Senator Omo-Agege stated this in Abuja at the weekend at the official launch of the Campaign Against Rape, organised by the West African Freelance Journalists Association. The Deputy President of the Senate frowned at situations where stigmatisation is targeted at rape victims instead of the culprits.
Represented by his Senior Special Assistant (SSA) on Electronic and New Media, Lara Owoeye-Wise, Omo-Agege said: “I am of the opinion that we should go back to our legal instruments that protect the child from sexual as well as other forms of abuse. This is with a view to strengthening them. And we at the National Assembly are looking at these setbacks, with a view to making our laws more potent.
“We should also, as a matter of national reorientation, have a change of attitude with regards to stigmatising victims of child rape. Let the stigmatisation go to the culprits of child abuse and not the victims, in line with customs of old.
“Further to maintaining our customs, we must return to our most prized heritage as Africans, namely family values. Parents must take out more time to raise their children to be better citizens.
“That way, when they grow up, there are more chances that they will abhor anti-social behaviours. Parents should pay more attention to their children, because a good number of these victims are taken advantage of by some other persons they come to trust, in their search for parental love which their parents, for some reasons, fall short of giving them”.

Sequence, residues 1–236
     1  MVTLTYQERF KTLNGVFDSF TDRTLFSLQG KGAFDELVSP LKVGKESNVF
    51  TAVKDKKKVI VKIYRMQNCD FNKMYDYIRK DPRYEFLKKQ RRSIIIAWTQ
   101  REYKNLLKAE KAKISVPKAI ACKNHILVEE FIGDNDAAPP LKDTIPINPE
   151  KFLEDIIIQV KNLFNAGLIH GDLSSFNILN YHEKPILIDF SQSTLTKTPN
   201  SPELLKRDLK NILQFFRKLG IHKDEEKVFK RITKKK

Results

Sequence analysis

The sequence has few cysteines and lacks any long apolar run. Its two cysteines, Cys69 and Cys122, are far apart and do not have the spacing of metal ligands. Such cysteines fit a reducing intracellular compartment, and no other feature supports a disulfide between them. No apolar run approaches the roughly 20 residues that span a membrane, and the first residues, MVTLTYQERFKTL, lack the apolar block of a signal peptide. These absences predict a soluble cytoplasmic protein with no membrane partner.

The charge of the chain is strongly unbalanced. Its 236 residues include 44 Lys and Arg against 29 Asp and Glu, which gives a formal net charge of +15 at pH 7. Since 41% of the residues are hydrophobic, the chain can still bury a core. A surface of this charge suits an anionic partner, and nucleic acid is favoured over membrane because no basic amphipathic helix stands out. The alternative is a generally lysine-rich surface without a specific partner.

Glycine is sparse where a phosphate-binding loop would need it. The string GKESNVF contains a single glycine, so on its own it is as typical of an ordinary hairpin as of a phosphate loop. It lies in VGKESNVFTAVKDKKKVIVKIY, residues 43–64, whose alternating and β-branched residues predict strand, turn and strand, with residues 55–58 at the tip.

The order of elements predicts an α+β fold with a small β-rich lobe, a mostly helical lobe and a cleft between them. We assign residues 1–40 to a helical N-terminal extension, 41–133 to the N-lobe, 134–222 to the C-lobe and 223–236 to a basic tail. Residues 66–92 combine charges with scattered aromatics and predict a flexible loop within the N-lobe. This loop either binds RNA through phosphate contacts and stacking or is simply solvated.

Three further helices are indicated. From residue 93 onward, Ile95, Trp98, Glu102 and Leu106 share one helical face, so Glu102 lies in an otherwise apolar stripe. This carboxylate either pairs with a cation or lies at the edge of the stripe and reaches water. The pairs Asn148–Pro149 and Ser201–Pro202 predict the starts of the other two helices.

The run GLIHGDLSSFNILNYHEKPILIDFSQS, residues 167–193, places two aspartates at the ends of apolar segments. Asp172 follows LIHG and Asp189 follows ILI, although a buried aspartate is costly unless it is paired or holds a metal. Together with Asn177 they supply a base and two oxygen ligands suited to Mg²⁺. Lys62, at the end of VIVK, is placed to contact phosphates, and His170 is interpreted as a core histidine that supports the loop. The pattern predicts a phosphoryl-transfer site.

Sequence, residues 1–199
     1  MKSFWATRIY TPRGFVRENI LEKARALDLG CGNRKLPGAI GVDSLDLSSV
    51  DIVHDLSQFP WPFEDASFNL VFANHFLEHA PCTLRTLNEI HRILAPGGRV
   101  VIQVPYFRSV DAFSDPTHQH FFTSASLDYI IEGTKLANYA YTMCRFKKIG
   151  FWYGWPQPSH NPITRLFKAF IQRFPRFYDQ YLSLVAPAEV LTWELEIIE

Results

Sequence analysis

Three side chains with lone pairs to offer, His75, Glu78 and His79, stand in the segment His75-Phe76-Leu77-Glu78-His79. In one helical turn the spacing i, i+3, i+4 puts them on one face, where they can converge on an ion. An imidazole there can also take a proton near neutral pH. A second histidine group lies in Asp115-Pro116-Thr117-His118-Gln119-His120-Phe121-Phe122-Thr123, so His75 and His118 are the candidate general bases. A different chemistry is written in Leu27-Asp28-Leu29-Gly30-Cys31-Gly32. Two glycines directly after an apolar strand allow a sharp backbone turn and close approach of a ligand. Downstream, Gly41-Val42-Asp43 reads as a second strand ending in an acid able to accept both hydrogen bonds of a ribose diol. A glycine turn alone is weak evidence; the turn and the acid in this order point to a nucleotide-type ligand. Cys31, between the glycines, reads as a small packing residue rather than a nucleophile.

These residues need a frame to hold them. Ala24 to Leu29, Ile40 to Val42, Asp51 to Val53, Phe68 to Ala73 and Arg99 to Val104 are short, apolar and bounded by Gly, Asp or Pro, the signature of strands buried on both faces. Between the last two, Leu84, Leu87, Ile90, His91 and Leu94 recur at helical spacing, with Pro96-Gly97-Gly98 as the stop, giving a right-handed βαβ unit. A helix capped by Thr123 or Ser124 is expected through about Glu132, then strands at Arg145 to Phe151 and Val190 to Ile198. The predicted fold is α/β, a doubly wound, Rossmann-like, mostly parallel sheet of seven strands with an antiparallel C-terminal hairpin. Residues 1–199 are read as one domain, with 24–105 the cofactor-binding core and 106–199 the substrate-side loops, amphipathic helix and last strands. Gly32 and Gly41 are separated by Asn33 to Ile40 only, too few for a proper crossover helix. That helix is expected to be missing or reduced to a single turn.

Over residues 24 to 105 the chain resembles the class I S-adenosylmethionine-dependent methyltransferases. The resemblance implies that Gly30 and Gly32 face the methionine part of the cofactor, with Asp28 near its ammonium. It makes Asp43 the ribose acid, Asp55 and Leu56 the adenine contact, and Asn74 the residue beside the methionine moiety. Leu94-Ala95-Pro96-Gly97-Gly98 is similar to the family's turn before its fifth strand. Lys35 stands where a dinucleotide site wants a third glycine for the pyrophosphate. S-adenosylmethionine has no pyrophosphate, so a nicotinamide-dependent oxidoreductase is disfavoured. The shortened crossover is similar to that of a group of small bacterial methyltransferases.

The lawmaker expressed regret that African women in recent times have been subjected to abuse in various forms namely: forced labour, sexual harassment, rape, wife battery, female genital mutilation, among others. This, he pointed out, explains why most parents refuse to disclose rape incidents against their female children for fear of victimisation.
“Yet, such non-disclosures most times, do not obviate the psycho-social damage which such predatory acts inflict of the child, sometimes following the victim for the rest of his or her life,” he noted.
The lawmaker representing Delta Central in the National Assembly, justified his decision to remove ‘consent’ from the reintroduced Sexual Harassment in Tertiary Education Institution Bill currently before the Senate. According to him, ‘consent’ has become an escape route for lecturers who take advantage of female students in tertiary institutions.
He stated: “By knocking off the plea of consent, so-to-speak, sexual predators in our tertiary institutions must now abide by an ‘honour code’, just as applies in the United States which forbids sexual relations between a lecturer and a student under any guise, when the bill eventually becomes law.
“In other words, when the bill becomes law, consent on the side of the victim would be akin to ‘statutory rape’, and with full criminal justice consequences”.
Sponsored by the Deputy President of the Senate and 105 senators, the Prevention, Prohibition and Redressal Of Sexual Harassment in Tertiary Educational Institutions Bill, 2019 scaled through First Reading and Second Reading in the Senate on October 9 and November 6, 2019 respectively.
The proposed law which prohibits any form of sexual relationship between lecturers and their students and prescribes jail term ranging from two to 14 years for various degrees of offences, is currently with the Senate Committee on Judiciary, Human Rights and Legal Matters for further legislative work.